Yacht captains and crew work hard to keep their jobs, but everyone has a breaking point. The Triton was on the docks on opening day of Fort Lauderdale International Boat show and asked what pushes a crew to actually quit.
Capt. Jeff Cox
M/Y Club M
Drama from crew, captain, or owner. All of the above. Just be normal, don’t think you’re entitled. Your replacement is on the dock waiting to help you with your luggage.
Deckhand Josh Chisholm
M/Y Lady May
A bad program. Especially bad planning on the management side, from the top down. If the program says it will do one thing and does another.
Chief Stew Karla Pollock
Unrealistic expectations of crew. Back-to-back trips with one day in between is physically and mentally taxing and unrealistic.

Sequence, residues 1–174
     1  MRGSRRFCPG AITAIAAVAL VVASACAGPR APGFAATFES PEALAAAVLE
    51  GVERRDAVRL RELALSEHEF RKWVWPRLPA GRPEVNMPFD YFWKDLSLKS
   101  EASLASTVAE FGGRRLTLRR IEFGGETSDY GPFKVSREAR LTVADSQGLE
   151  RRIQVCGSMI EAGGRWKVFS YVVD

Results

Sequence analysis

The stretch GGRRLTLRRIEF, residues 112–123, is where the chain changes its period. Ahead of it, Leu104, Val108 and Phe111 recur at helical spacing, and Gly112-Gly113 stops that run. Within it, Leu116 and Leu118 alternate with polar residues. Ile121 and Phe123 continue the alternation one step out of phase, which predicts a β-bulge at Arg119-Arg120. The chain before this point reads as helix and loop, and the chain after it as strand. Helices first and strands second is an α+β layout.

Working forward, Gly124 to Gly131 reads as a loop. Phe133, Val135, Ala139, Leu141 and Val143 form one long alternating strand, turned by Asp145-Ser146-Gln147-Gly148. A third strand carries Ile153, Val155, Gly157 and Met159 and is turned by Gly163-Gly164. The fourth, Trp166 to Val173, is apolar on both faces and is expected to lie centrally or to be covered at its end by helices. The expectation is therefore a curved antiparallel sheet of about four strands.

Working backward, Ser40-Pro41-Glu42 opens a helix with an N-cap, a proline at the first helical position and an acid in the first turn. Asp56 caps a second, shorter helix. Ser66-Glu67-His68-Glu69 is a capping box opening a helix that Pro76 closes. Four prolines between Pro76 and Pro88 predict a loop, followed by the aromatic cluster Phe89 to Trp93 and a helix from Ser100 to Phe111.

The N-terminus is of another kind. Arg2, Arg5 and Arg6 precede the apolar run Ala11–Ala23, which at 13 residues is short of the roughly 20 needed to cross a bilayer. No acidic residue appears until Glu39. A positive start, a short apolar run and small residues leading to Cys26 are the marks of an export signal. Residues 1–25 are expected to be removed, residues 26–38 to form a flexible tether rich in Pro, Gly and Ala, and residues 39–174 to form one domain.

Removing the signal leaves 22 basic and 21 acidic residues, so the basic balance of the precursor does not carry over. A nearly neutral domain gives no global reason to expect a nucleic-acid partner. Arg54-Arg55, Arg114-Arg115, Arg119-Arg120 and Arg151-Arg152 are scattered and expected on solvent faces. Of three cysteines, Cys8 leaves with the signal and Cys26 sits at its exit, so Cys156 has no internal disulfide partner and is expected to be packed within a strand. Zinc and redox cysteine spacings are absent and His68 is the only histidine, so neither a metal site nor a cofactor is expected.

Capt. Jim Hickey
M/Y Donna Marie
Age. I’ve been in this industry 42 years. I’m 68 and the owner is 92. When this boat sells I’m done with this.
Mate Luke Skipper
M/Y Ocean Club
A bad captain – Mean, demanding, not understanding, or ignorant. That and bad crew and drama. I’ll stay with a captain I can respect.
Capt. Alex Collazo
Bad owners are a big turnoff, anything else I can deal with. Safety is also a concern. But that also boils down to the owner.
Chief Eng. Patrick Edward
133′ Custom Splendor
Crew relations are No. 1. When we are doing a lot of hours and doing our best but have no time for recuperation. The key is for me to figure how to deal with you better. You have to know who you’re dealing with. I seek to be better tomorrow.
Officer/engineer Rick Black
(Working as mate)
Crew politics – drama, undermining each other, divided crew, talking behind each other’s backs. We work as a team, we thrive as a team.
Capt. Spanos Harding
M/Y Julie M
I’ve never quit. Either they sell the boat or the owners get out. I’ve been a captain 31 years. I’ve had crew quit for personality or laziness.